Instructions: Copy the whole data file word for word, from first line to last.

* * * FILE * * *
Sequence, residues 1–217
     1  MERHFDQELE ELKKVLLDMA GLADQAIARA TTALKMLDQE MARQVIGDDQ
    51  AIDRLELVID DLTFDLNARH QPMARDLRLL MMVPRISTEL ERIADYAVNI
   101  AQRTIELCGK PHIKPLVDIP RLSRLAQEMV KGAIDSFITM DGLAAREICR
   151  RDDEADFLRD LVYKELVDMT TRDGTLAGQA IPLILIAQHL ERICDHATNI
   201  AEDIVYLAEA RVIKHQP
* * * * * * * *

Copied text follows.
Sequence, residues 1–217
     1  MERHFDQELE ELKKVLLDMA GLADQAIARA TTALKMLDQE MARQVIGDDQ
    51  AIDRLELVID DLTFDLNARH QPMARDLRLL MMVPRISTEL ERIADYAVNI
   101  AQRTIELCGK PHIKPLVDIP RLSRLAQEMV KGAIDSFITM DGLAAREICR
   151  RDDEADFLRD LVYKELVDMT TRDGTLAGQA IPLILIAQHL ERICDHATNI
   201  AEDIVYLAEA RVIKHQP